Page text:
* All hanging paintings, photos, and other wall-based items MUST be properly wired with framing wire. Small, circular hooks or triangles that often come on Michael’s-style frames are not able to be used with our hanging system.
* A work submitted to a BVAA show that involves judging cannot have been submitted to any previous BVAA show that involved judging, whether or not it won an award. It is fine if the work was shown at previous BVAA shows that did not involve judging.
* Works submitted to the BVAA must be original work created by the submitting artist. All entries must contain copyright-free material or material released with consent from the original source. Unauthorized use of any copyrighted images, text, or other material will not be accepted.
* Artists submitting an application to a BVAA event grant the BVAA the right to use any and all information disclosed on the application or publicly available on the artist’s website, including the artist’s name, images of the works, and descriptions of the works, for purposes of promoting, describing, or reporting on the BVAA event. Artists grant this right for use in any media including, but not limited to: print, radio, television, web, and film. The BVAA will make every effort to insure that artist credit is given in all publicity.
* The BVAA reserves the right to photograph displays and artists at the event, and to use those photographs on websites, social media sites, brochures, calendars, and other materials. The artist still retain all rights to their work. All artists’ work will be credited by the BVAA where applicable and possible.
* Artists are responsible for pricing and sale of their works, for direct handling of credit cards if they wish, and with any return policies. All tax liabilities will be responsibility of all individual artists. For more information read Artists and Sales Tax.
* Standard BVAA commission on sales at BVAA events is 20%.
* For events which involve judging, any attempt by a participant to influence the result or subvert the competition will lead to immediate disqualification.
* The BVAA does not provide insurance on artworks. Each artist is responsible for insuring their artwork. The BVAA is not responsible for reimbursement due to theft, breakage, vandalism, fire, water, natural disasters, or other acts of God.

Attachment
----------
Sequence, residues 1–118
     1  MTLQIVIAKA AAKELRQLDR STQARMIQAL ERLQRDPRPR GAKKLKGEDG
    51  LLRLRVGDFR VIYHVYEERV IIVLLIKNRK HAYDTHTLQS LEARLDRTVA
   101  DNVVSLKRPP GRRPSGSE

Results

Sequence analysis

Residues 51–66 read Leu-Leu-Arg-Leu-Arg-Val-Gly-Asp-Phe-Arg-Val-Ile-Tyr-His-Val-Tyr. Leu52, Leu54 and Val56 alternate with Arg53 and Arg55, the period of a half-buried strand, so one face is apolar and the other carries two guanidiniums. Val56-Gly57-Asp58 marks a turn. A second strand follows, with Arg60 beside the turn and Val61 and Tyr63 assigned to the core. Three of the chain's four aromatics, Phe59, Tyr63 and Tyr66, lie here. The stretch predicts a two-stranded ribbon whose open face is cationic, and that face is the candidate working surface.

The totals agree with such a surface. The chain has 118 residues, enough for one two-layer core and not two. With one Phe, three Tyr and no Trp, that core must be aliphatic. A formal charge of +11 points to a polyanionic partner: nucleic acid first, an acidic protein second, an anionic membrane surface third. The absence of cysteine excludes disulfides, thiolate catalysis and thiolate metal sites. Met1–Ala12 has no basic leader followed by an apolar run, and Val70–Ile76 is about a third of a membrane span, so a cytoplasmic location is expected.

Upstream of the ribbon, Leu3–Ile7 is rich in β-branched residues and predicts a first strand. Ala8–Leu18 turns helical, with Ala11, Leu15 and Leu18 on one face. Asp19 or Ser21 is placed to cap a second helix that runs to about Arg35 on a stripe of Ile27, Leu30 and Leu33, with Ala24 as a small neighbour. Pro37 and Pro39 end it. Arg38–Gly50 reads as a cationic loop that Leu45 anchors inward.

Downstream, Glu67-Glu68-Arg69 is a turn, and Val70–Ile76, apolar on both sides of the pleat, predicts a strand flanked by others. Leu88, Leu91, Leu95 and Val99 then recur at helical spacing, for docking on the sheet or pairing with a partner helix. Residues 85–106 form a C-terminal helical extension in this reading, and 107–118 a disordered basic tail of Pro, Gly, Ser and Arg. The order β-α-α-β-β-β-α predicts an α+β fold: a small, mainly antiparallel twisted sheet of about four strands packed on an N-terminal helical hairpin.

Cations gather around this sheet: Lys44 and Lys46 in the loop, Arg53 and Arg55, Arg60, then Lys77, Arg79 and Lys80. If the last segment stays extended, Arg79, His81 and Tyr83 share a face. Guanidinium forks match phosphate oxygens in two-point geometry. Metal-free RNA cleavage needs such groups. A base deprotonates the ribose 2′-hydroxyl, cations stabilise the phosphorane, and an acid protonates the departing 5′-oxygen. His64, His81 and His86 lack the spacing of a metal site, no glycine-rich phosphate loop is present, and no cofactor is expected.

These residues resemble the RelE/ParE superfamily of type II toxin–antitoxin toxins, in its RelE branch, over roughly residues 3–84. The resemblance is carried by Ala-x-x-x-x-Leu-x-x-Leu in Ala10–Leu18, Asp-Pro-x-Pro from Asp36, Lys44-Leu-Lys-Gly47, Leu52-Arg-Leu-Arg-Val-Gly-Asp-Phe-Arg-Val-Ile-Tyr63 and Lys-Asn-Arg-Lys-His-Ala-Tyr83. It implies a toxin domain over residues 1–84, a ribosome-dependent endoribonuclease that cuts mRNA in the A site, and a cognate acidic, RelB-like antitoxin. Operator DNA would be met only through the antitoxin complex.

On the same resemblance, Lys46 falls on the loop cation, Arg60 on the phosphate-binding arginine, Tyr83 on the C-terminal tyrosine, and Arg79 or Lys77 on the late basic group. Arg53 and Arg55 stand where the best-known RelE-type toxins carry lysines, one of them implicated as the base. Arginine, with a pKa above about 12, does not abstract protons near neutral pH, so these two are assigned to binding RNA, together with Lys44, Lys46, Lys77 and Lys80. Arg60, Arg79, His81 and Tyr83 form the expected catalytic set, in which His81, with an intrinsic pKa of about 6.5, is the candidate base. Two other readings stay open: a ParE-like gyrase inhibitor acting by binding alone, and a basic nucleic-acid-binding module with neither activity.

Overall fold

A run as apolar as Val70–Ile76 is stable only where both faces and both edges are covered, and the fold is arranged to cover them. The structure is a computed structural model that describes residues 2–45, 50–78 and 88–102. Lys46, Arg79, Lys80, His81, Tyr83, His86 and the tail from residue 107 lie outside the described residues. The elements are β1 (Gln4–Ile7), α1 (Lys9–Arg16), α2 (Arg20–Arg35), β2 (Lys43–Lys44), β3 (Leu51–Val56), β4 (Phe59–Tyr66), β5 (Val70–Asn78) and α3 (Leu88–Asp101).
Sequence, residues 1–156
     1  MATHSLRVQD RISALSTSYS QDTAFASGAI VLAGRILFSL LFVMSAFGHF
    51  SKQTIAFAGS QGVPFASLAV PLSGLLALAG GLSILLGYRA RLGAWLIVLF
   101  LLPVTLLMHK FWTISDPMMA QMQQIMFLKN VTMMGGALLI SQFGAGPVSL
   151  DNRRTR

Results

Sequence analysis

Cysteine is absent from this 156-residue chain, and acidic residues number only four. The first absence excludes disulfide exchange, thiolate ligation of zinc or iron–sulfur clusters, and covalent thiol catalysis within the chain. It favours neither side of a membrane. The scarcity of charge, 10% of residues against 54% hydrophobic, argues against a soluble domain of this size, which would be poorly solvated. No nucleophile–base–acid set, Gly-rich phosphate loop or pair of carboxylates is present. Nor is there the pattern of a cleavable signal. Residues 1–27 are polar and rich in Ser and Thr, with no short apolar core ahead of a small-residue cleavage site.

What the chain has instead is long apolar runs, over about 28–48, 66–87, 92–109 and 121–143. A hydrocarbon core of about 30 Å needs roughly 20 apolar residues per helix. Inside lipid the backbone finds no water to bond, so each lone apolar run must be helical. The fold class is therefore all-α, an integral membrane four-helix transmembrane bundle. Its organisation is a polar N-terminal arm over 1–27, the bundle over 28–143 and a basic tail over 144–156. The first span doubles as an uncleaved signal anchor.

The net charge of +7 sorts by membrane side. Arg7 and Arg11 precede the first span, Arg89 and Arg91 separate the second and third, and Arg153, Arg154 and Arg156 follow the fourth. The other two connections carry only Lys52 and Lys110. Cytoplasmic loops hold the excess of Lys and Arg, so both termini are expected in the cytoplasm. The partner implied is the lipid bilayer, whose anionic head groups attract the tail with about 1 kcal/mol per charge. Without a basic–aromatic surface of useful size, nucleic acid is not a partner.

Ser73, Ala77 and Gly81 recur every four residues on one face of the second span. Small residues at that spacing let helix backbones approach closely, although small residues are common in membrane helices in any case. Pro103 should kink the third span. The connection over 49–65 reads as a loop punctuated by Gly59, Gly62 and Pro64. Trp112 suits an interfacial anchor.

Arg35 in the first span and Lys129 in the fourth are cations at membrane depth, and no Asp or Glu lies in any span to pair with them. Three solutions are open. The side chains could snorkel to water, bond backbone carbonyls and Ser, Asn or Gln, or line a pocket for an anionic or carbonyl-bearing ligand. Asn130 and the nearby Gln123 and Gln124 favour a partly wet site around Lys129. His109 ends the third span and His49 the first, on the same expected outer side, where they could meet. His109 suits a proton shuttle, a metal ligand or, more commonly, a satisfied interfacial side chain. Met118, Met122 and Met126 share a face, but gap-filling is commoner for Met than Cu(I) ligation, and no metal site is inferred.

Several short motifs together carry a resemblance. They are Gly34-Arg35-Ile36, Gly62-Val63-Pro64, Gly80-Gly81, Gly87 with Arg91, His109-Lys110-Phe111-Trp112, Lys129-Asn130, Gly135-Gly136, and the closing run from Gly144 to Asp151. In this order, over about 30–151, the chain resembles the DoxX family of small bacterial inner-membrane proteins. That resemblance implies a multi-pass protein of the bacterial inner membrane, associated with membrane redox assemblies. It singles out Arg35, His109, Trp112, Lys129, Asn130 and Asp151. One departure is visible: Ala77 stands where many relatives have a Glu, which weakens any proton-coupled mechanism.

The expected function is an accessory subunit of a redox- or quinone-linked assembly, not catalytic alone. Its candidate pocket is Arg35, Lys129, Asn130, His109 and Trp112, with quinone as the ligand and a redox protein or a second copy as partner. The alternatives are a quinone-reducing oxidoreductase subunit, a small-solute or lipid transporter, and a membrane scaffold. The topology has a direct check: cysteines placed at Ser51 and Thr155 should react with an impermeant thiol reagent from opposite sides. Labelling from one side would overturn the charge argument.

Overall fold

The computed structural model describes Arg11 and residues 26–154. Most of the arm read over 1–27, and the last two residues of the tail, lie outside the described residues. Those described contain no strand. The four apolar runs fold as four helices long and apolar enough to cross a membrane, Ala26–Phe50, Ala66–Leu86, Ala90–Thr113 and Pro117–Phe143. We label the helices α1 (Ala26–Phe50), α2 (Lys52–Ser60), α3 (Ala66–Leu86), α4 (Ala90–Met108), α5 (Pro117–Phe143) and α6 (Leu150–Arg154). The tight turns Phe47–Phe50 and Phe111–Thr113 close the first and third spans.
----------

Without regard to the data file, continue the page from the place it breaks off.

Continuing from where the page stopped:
Prize Categories at BVAA Shows
Depending on the show, we may organize prizes into categories. We may also have a show which is specifically for one type of medium, such as photography. Here are some guidelines as to how we typically handle these decisions. Feel free to contact us for more information about your specific artwork, as we understand that artwork can often cross into multiple categories.
Photography is an image created by light interacting with a surface. Nowadays most photography we see is digital camera / scanner photography which is then printed with an inkjet printer on some sort of paper, metal, or canvas substrate. Photography includes film photography in a variety of formats including 35mm and 120 medium format. Photography also includes cyanotypes which are made by creating shadows on a surface painted with light-reactive chemicals. Note that if any additional media is added to the finished printout, such as painting it with watercolors or acrylics, the work now becomes a mixed media work. The BVAA holds a photography-only show every January. We also hold the converse, an anything-but-photography show in the fall, which would include everything below.
The four main kinds of paintings we see are oil paintings, acrylic paintings, watercolor paintings, and pastel paintings. Depending on the show and the number of entries we might break prizes down into a separate prize for paintings. If a show is painting-heavy we might go further and for example make one category for oils and acrylics and another for watercolors and pastels. Paintings can be framed or wrapped-edge. We would always want the original of a painting in a show – we would not want a submission to be an inkjet copy of a painting.
The perhaps fairly arbitrary definition of a drawing is where a fair amount of the surface paper / canvas is still shown. So, for example, a pen-and-ink drawing of a cat on white paper is a drawing. So is a colored pencil drawing of an owl. A pastel would fall into the drawing category if the pastels were used to create an object – let’s say a vase – against the white of the paper. If, instead, the pastels are used in a more “painterly” way to fill the canvas from edge to edge, that moves it into the painting category.
This category is named for the multitude of media which are included in it; a given item in here is not necessarily a mix of media. In essence, this category would be anything which does not neatly fall within the photography, painting, or drawing categories. It can include fiber arts, art quilts, sculptures, monotypes, collages, linotypes, pottery, computer generated or computer manipulated art, stained glass, and more. If you do not see your art genre covered, feel free to contact us – we’re always interested in expanding our horizons.
Please ask with any questions!